Manitoba’s great island getaway

Hecla Island a fun and frosty escape


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‘We could use an ice auger,” I confessed.

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‘We could use an ice auger,” I confessed.

Tammy cheerfully assured, “I’ll find one!”


“I sell that.”

“One more thing. I couldn’t find our rods.”

Tammy replied, “Our Brayden has one.”

“One more thing. Coffee Crisp? A fishing licence?”

A fellow in a Mackinaw jacket stared with a look that says, “You’re the kind I can’t stand.” The store cat, Stripes, shunned me. Margie cringed and disappeared down an aisle at Gull Harbour’s General Store.

Other than that, I’d fully prepared for Margie’s first ice-fishing adventure.

The province provides two ice-shacks at Hecla Island’s Gull Harbour with benches, a stove, split logs, axe, and paper – without charge. The Conservation Department earlier advised me, “Shacks are ‘first come.’ Go early! Make it warm, and your wife can come later.” I thought, “Marriage is a pledge to serve the other, but can’t I come later?”

We arrived midweek at sunrise, half-asleep. The harbour sign, “No Wake Zone” had new meaning. While carefully treading the icy pier, the sign “Dock Slips” had new meaning.

Margie remained at the store ordering her licence, so I prepared the fire after all. Enduring failure after failure, I further split one, then two logs for kindling. I fed in a whole Saturday Free Press. Just as I felt like a loser, the fire burst alive. Margie entered and exclaimed, “Cosy!” I shrugged, “Survivorman.”

Brayden snowmobiled out with his auger and lucky rod. Choosing from five iced-up holes, he announced, “I have good vibes about this one.” Having ice-fished, I concurred, “That’s the one!”

The day before at Gull Harbour Inn’s restaurant, after Torque tap brews and fries near its fireplace, we bought huge cinnamon buns. I asked, “Where are these from?”

Staff answered, sadly, “From here, but now she’s… gone.”

I whispered to Margie, “She died! Think they’re fresh?”

In our ice-hut, Margie warmed the buns. We enjoyed cheese and our candy. Next time we’ll boil tea.

An hour passed with just nibbles downstairs. Teasers made off with two shiner tails. I convinced Margie, “So, there’s fish! Surely pickerel — big greenbacks. Emerald giants!”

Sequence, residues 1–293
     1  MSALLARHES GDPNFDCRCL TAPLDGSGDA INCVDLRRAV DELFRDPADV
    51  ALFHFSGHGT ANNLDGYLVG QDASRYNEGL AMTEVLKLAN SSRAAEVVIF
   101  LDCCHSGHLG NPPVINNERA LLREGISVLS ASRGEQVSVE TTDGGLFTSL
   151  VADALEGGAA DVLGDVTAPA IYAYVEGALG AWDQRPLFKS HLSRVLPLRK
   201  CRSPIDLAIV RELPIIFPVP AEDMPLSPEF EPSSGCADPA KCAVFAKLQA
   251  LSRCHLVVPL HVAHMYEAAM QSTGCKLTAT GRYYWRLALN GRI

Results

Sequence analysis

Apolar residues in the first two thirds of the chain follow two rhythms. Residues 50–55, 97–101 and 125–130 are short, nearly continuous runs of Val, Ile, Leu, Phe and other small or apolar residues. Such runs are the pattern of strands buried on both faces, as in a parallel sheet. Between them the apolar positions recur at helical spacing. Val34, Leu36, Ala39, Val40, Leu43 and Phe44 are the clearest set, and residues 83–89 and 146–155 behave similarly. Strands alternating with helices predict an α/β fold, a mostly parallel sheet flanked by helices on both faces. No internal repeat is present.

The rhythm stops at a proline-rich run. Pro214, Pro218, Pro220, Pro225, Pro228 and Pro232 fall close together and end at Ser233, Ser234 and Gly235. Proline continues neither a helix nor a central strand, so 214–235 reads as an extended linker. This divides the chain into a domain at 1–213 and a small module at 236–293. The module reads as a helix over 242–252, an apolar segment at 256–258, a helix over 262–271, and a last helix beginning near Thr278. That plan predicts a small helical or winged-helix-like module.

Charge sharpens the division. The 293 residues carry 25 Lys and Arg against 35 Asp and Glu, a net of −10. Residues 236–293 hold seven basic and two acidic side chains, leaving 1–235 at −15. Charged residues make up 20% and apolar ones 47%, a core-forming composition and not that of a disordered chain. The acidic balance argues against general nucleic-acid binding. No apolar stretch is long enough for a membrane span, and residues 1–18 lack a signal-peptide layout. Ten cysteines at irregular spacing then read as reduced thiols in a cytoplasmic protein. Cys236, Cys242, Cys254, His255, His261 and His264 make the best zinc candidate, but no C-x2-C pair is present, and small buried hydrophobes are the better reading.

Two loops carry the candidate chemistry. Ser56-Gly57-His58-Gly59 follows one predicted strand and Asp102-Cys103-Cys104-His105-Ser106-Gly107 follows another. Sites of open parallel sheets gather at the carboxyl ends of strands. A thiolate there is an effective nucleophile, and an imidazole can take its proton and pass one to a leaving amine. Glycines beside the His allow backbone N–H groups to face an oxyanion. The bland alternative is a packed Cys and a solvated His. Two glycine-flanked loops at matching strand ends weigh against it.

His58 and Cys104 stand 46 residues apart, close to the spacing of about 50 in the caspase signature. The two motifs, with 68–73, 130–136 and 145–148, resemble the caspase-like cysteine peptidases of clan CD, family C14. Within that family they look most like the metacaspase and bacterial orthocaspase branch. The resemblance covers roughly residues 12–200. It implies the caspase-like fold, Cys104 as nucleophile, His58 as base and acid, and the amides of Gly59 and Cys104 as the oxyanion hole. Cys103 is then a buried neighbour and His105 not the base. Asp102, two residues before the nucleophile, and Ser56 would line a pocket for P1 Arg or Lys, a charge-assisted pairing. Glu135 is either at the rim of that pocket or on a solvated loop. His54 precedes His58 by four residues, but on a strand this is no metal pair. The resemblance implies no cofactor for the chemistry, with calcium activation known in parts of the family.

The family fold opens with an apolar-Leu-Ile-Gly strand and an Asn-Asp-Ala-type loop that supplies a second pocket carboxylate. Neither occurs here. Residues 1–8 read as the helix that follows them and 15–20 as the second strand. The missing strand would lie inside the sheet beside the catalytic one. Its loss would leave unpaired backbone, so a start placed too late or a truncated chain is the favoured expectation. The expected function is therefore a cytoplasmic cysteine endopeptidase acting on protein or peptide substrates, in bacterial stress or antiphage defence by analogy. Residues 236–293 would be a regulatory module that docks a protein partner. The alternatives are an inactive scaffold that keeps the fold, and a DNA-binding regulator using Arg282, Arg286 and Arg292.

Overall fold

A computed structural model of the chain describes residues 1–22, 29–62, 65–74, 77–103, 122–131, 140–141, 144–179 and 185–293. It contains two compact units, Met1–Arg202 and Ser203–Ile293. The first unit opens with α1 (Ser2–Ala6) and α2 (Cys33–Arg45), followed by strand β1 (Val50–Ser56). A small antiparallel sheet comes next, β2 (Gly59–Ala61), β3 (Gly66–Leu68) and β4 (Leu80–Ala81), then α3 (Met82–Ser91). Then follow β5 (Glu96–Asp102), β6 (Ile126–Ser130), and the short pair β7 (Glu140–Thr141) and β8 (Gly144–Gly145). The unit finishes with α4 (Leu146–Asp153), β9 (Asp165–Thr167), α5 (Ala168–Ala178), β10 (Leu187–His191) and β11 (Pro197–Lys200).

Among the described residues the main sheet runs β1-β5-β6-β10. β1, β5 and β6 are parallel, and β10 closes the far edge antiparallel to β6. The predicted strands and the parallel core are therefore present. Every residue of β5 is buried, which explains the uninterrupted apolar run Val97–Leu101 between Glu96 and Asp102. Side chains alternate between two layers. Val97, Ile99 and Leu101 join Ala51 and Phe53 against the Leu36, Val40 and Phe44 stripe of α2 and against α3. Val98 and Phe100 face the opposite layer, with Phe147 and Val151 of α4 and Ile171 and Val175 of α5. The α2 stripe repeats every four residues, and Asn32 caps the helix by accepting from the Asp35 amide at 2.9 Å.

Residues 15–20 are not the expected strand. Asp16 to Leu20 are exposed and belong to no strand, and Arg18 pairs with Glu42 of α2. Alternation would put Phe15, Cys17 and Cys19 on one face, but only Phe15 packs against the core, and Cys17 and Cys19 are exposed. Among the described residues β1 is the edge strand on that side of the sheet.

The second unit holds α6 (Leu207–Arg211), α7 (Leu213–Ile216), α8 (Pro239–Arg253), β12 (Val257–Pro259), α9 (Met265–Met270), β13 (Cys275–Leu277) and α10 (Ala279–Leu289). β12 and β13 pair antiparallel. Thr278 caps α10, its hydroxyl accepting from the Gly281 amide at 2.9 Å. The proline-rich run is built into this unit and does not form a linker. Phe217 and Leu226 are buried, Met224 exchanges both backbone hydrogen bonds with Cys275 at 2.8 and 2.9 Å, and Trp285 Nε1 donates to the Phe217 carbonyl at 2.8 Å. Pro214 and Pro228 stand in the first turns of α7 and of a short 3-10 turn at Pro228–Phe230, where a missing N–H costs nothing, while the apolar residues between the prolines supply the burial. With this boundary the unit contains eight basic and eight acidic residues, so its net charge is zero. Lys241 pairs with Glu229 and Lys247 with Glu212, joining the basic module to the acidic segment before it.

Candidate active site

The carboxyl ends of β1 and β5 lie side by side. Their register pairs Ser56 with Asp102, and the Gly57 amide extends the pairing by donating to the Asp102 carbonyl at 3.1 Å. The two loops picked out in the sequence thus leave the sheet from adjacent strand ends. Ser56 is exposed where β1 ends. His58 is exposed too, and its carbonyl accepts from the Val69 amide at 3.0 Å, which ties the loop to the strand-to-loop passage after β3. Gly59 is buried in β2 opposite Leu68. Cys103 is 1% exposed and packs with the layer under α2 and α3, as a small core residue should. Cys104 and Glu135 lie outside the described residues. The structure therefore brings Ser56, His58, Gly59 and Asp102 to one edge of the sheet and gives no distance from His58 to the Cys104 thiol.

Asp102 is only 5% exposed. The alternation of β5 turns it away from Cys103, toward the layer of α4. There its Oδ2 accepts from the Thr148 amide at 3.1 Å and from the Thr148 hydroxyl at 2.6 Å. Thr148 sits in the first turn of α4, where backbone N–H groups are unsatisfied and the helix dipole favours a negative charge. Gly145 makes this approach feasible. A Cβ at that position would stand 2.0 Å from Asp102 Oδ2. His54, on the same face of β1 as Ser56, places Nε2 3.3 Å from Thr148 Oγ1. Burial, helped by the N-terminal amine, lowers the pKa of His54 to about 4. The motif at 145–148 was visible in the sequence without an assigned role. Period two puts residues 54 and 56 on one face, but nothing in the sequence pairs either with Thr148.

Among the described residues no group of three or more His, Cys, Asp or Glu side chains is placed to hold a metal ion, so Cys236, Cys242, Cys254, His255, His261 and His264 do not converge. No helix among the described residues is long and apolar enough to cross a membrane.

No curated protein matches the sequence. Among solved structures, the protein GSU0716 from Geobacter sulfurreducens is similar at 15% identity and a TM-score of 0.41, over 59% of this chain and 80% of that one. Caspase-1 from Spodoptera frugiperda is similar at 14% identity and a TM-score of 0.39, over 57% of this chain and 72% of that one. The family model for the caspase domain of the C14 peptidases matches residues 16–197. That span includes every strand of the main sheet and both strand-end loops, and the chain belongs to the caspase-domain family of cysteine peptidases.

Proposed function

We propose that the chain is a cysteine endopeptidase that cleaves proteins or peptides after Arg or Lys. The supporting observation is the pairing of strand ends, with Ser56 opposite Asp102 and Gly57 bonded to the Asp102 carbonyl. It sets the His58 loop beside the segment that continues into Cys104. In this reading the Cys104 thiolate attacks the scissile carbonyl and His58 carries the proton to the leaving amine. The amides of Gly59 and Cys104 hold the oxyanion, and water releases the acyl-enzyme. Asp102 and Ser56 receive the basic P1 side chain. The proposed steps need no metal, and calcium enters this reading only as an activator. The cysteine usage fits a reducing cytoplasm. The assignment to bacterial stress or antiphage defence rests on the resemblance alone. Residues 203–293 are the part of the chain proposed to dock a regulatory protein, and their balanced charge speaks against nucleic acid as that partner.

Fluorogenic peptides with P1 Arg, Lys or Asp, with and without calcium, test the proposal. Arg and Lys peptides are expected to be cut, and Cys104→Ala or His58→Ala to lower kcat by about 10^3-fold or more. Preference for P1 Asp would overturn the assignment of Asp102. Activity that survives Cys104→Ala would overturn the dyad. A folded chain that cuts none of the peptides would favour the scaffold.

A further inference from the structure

That was it. A colourful wall poster flaunted pictures of Manitoba’s fifteen common angling fish. Ow.

But ice fishing isn’t all about catching fish. Escaping with anticipation to a hut on frozen waters with winds whooshing, comforted by a voracious humming fire, got us hooked. That surely helps explain Manitoba’s populous ice-shack villages, like at Gimli. Some folks call the sprawling community “Gimli East.”

As for fishing, Tammy later said January isn’t great. And maybe Wednesdays aren’t best. Maybe it was that hole.

I asked Tammy when Gull Harbour’s baker died. She shrieked, “Died? We spoke yesterday. She returned to her hometown two months ago.” Aha. What matters isn’t what people say. It’s what people hear. And good thing for big freezers.

We excitedly lodged at Hecla Lakeview Resort. Its lobby welcomes with water cascading over rocks among artfully carved trees. Curtains and wallpaper contrive a birch forest. Outside, sparkling blue-tinged gullies surround. Beyond the dark spruce, sunrises and sunsets deliver surprising skies of gold, pink, and mauve.

Bug-eyed swimmers like me emerge from Lakeview’s daring indoor-outdoor pool in minus-16-degrees uttering “Invigorating!” and “Epic!” Next to the enticing mineral pool, a sign at the hydrotherapy hot tub says to limit tub time to 10 minutes. Another sign says to order the four-beer Bucket Deal, sangria, or tequila — to “Hot tub like a boss.” A dilemma? Wink.

I investigated the kids’ pool complex — just for our grandson. I swirled down its dark three-storey waterslide. I got waylaid stepping on splash pad spouts. I took to drifting around its little lazy river, belting out George Strait’s River of Love. Margie said, “Let’s go! Families are coming.”

Leaving kiddie activities for kiddies, we rented a crazy carpet and saucer for Lakeview’s toboggan hill. The whole way down, Margie screamed. If you were on Hecla Island, you heard. That was her. Repeatedly. And I prefer seeing where I’m going at 90 km/hr but, on a saucer, that’s not an option. I lost some loose parts but didn’t need a stretcher. So, I went again. And again.

Gull Harbour’s store rents SnoBear vehicles with guides; four people can fish through floor hatches. You can rent snowmobiles — with heated helmets. I told Margie, “What’s awkward are the extension cords.”

Lakeview provides a rink and fire pits. It rents snowshoes and cross-country skis for provincial park trails. Spa patrons book facials and massages. Others purchase hair removal but it appears I’m now getting that for free.

If Lakeview’s water parks don’t soak you, rely on guestroom soaker tubs and multi-spout showers. If you’ve slept on a cloud, the beds are softer, and safer.

Despite its isolation, a cadre of long-term young employees, housed nearby, provide attentive, friendly service. Seagulls Restaurant’s drinky-poos include Brazen Hall brews and a bubbly delight called “Cure for the Winter Blues.” We relish each inventive meal. Skillets arrive on log cuts. Margie ordered pickerel — for breakfast and supper. She won’t get it at home.

And you won’t get such nearby respite as on Hecla Island.

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